Sherman High School senior Max Hightower has been in the spotlight offstage ever since he was kicked out of the cast of his high school’s musical because he is transgender.
Now Max, a 17-year-old trans student, and two of his female classmates originally cast in male roles will be back in the spotlight ONSTAGE after the Sherman ISD Board of Trustees voted Monday night, Nov. 13, to reinstate all the students to the roles that had been cast in.
The vote came after “dozens of speakers” showed up at Monday night’s board meeting “demand[ing] the students sing in their original roles and slamm[ing] the trustees for discriminating against a transgender child,” according to a Dallas Morning News article by Talia Richman.
The board also voted to let the SHS students perform the original script of the play as they had planned, rather than a “youth version.” School administrators had, after telling Max he couldn’t play Ali Hakim, also decided that the original script was too racy for high school kids.
After the vote, SISD Board President Brad Morgan apologized to those affected by the school administration’s discriminatory decision, but acknowledged that the vote to let the show go on as originally planned “does not erase the impact this had on our community.”
Max’s father, Phillip Hightower, told DMN that he is glad SISD administrators changed their minds and that they apologized. But, he said, “There still needs to be accountability.”
Phillip Hightower told Dallas Voice in an email today (Tuesday, Nov. 14), “We won round 1! The show is back on as planned!”
Phillip Hightower said 65 people spoke, and “only three or four” spoke in support of the “new” gender role policy.
“Now it’s time for accountability for the pain caused to these kids. The board is going to have a closed-door session Friday [Nov. 17] to discuss legal ramifications,” he continued. “We also learned last night that the superintendent [Tyson Bennett] has done this before in 2015 [when, as assistant superintendent, he] tried to stop Legally Blonde. [He tried] to get the theater department to change all the gay and lesbian characters to straight characters. [He] made the theater department contact the publisher and ask if they could make that change. Thankfully, the publisher said no.”
Bennett was promoted in April 2022 to that position from the position of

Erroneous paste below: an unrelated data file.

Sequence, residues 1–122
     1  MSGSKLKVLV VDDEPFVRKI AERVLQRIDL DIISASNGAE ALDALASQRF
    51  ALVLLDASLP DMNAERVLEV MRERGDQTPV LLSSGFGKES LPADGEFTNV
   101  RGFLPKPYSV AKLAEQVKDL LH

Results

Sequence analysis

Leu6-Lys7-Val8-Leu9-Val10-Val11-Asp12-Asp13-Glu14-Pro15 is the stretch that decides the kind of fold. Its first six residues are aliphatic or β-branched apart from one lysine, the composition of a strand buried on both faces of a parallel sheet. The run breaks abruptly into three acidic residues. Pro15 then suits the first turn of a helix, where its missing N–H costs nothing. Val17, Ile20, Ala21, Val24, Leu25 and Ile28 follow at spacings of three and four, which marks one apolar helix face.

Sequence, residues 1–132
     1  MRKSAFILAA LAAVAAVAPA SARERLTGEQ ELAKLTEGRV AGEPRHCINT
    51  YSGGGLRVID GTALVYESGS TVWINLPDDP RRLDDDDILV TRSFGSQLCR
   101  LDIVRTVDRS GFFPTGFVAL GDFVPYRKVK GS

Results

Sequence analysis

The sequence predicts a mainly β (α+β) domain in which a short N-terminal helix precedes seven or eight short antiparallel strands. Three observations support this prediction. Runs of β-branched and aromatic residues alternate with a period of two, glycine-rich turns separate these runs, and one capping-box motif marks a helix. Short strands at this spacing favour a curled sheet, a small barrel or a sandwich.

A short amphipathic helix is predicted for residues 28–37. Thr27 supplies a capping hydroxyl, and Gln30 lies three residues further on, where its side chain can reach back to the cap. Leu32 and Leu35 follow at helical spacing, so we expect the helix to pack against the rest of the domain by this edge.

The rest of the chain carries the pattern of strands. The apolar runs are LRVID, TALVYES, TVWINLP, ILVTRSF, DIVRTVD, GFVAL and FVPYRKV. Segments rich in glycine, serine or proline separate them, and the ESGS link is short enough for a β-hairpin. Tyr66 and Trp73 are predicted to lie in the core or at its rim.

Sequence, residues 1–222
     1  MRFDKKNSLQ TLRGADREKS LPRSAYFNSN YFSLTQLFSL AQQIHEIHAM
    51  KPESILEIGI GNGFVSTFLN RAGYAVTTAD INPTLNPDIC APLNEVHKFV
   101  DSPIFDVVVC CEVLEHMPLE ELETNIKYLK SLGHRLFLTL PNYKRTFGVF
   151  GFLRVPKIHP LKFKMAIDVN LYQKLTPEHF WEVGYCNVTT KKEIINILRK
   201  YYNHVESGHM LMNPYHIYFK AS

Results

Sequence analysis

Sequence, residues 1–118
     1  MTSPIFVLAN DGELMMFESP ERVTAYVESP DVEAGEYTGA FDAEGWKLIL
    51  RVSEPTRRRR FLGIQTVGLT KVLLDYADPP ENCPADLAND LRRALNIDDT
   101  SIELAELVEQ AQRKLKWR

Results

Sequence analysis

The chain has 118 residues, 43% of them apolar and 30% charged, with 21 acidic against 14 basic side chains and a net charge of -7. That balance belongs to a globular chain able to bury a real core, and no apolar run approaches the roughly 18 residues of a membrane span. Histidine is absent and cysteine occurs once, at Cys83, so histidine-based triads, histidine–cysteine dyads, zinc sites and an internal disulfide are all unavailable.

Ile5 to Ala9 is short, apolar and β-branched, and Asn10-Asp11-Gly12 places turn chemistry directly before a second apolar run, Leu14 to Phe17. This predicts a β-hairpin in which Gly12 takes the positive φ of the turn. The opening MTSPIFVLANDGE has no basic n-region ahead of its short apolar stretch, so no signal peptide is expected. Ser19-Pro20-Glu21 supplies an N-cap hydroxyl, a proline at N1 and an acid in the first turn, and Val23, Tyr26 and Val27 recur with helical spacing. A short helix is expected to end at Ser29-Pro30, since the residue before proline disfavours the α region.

assistant superintendent over business and finance after 16 years with the school district. Phillip Hightower did not say if the Bennett was the one who tried to intervene in the school’s production of Legally Blonde in 2015 or if that were former Superintendent David Hicks, who left Sherman ISD last year to lead Northwest ISD.
After Monday night’s vote, Bennett said he would be “acting upon the board’s direction.”
What had happened was ….
Max was first cast as Curly in the planned production of Oklahoma! back in October. A couple of weeks later, according to initial reports, the school principal let him and his family know that, even though the 17-year-old trans student had been cast as Curly in his school’s production of Oklahoma!, he would not be allowed to actually play the role.
The principal claimed the school had a new policy that only male actors could play male roles, and only female actors could play female roles. The “new rule” obviously ignored the fact that Max is a male actor.
Once the discriminatory “new policy” started making headlines, SISD issued a statement last week explaining that there really wasn’t a policy about male students playing male roles/female students playing female roles — except in this particular instance. But after this show the school district would go back to not having policy about, except maybe in some instances. (I mean, you never know when another trans actor is gonna get cast in a role, do ya? Gotta keep those options open.)
Last week, district officials said that the production, originally scheduled for December, would be delayed until at least mid-January and that students would put on an abbreviated “youth-version” of the show.
Then later in the week, after Max Hightower and Sherman ISD’s decision made headlines around the country and elicited widespread condemnation of the decision, ISD officials changed course yet again, issuing a statement saying, “Sex will not be considered when casting the new production,” district officials announced in a Friday statement. “Students will be able to play any part, regardless of whether the sex of the character aligns with the sex of the student assigned at birth.”
— Tammye Nash